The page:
captives how stolen people changed the world borderlands and transcultural studies

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Author : Catherine M. Cameron
ISBN : 9780803293991
File Size : 26. 78 MB
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"Using a comparative approach, a detailed study of captive-taking in small-scale societies and exploration of the profound impacts that captives had on the societies they joined. Opens new avenues of research about captives as significant sources of culture change"--

Globalizing Borderlands Studies In Europe And North America

Author : John W. I. Lee
ISBN : 9780803288935
Genre : History
File Size : 48. 44 MB
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"Borderlands are complex spaces that can involve military, religious, economic, political, and cultural interactions--all of which may vary by region and over time. John W.I. Lee and Michael North bring together interdisciplinary scholars to analyze a wide range of border issues and to encourage a nuanced dialogue addressing the concepts and processes of borderlands. Gathering the voices of a diverse range of international scholars, Globalizing Borderlands Studies in Europe and North America presents case studies from ancient to modern times, highlighting topics ranging from religious conflicts to medical frontiers to petty trade. Spanning geographical regions of Europe, the Baltics, North Africa, the American West, and Mexico, these essays shed new light on the complex processes of boundary construction, maintenance, and crossing, as well as on the importance of economic, political, social, ethnic, and religious interactions in the borderlands. Globalizing Borderlands Studies in Europe and North America not only forges links between past and present scholarship but also paves the way for new models and approaches in future borderlands research"--

How The West Was Drawn

Author : David Bernstein
ISBN : 9780803249301
File Size : 49. 30 MB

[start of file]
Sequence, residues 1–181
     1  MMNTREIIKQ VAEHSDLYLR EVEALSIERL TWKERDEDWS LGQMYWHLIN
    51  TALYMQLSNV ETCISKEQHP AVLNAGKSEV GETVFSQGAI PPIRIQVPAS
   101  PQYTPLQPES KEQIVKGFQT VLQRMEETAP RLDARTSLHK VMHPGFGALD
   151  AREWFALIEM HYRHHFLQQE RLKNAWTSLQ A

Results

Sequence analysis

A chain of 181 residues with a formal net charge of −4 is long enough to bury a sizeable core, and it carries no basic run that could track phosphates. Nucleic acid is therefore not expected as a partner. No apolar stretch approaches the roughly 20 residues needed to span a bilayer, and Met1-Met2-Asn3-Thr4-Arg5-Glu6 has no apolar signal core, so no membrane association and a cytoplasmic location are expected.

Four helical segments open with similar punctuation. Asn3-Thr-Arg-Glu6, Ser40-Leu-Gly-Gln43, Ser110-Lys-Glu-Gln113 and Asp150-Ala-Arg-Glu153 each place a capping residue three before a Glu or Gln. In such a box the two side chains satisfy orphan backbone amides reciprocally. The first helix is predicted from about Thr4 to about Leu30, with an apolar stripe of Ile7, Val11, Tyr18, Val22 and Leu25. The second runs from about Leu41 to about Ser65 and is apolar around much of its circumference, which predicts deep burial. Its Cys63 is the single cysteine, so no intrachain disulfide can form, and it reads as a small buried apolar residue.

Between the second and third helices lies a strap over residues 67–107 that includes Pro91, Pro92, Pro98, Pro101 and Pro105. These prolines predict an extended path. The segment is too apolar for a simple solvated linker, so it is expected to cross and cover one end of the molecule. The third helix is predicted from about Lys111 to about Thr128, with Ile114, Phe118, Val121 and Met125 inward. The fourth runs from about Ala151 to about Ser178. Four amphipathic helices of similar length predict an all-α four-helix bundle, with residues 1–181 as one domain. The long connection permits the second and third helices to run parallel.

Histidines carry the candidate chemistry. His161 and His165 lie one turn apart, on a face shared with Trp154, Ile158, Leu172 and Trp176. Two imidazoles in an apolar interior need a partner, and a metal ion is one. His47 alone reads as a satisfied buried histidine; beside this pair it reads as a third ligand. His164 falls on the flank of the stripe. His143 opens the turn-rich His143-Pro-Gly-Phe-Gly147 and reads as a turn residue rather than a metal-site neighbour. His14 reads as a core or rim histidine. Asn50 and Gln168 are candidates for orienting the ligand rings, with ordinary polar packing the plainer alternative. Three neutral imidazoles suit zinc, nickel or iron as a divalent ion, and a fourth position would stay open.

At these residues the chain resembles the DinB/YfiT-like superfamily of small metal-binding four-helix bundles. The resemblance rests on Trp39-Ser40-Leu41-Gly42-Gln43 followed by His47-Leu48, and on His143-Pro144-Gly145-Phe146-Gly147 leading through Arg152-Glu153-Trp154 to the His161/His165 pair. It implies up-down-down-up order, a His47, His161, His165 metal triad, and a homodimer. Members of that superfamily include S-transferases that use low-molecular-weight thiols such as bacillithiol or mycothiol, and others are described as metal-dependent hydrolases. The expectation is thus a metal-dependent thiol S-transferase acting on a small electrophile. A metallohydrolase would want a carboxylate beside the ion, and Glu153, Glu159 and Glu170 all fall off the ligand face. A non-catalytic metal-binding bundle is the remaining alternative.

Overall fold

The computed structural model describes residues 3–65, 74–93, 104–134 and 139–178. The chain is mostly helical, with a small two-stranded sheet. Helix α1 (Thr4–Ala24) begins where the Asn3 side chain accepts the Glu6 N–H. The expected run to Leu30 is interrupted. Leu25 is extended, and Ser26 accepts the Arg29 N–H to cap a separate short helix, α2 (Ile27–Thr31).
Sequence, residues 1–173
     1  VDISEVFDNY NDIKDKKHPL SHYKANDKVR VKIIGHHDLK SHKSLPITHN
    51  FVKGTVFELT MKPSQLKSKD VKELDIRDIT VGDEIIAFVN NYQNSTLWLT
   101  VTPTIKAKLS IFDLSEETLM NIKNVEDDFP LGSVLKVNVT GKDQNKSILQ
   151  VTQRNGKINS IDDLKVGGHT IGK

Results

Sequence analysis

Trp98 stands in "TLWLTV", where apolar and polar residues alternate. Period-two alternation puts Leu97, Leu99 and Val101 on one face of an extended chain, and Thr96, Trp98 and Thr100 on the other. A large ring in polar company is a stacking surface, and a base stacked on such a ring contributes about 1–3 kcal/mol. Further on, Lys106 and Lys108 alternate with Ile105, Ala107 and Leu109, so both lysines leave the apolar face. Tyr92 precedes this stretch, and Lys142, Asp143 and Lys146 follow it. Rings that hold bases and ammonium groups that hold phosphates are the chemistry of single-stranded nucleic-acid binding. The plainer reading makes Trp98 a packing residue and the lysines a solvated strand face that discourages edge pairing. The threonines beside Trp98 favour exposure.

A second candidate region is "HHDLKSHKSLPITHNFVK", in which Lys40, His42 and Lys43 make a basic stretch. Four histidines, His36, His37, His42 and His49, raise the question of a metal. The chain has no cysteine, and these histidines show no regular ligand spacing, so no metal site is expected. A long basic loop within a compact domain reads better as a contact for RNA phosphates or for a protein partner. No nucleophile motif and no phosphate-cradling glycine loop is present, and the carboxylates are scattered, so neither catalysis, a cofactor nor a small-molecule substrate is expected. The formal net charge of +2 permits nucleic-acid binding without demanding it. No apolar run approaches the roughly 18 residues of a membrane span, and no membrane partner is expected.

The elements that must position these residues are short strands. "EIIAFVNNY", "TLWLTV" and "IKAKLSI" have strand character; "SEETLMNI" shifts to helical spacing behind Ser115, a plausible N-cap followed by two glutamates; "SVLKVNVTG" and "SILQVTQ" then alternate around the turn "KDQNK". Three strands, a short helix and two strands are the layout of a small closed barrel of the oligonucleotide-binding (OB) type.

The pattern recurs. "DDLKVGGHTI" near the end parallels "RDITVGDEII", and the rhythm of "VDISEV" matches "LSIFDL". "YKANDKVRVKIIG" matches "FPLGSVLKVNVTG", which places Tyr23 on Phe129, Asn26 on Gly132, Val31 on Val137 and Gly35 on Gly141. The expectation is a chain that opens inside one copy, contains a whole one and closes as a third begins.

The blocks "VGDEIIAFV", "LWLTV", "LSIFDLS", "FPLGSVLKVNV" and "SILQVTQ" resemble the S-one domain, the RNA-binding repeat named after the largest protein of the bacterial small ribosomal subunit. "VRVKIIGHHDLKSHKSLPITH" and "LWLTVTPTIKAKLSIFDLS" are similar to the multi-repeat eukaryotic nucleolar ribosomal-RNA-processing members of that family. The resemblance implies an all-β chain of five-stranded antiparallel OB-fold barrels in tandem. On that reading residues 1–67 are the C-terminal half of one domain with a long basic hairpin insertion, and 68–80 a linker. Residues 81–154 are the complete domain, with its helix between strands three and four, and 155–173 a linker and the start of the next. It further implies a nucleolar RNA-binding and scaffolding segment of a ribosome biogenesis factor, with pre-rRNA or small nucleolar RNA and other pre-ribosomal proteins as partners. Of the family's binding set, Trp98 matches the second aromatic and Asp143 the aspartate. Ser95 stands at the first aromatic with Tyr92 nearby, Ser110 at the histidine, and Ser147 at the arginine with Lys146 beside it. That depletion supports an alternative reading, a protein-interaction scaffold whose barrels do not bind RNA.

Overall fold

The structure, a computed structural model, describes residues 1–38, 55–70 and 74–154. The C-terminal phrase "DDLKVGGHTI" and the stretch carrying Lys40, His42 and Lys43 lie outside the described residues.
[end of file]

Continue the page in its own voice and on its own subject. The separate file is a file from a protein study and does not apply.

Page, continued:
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How the West Was Drawn explores the geographic and historical experiences of the Pawnees, the Iowas, and the Lakotas during the European and American contest for imperial control of the Great Plains during the eighteenth and nineteenth centuries. David Bernstein argues that the American West was a collaborative construction between Native peoples and Euro-American empires that developed cartographic processes and culturally specific maps, which in turn reflected encounter and conflict between settler states and indigenous peoples. Bernstein explores the cartographic creation of the Trans-Mississippi West through an interdisciplinary methodology in geography and history. He shows how the Pawnees and the Iowas—wedged between powerful Osages, Sioux, the horse- and captive-rich Comanche Empire, French fur traders, Spanish merchants, and American Indian agents and explorers—devised strategies of survivance and diplomacy to retain autonomy during this era. The Pawnees and the Iowas developed a strategy of cartographic resistance to predations by both Euro-American imperial powers and strong indigenous empires, navigating the volatile and rapidly changing world of the Great Plains by brokering their spatial and territorial knowledge either to stronger indigenous nations or to much weaker and conquerable American and European powers. How the West Was Drawn is a revisionist and interdisciplinary understanding of the global imperial contest for North America’s Great Plains that illuminates in fine detail the strategies of survival of the Pawnees, the Iowas, and the Lakotas amid accommodation to predatory Euro-American and Native empires.

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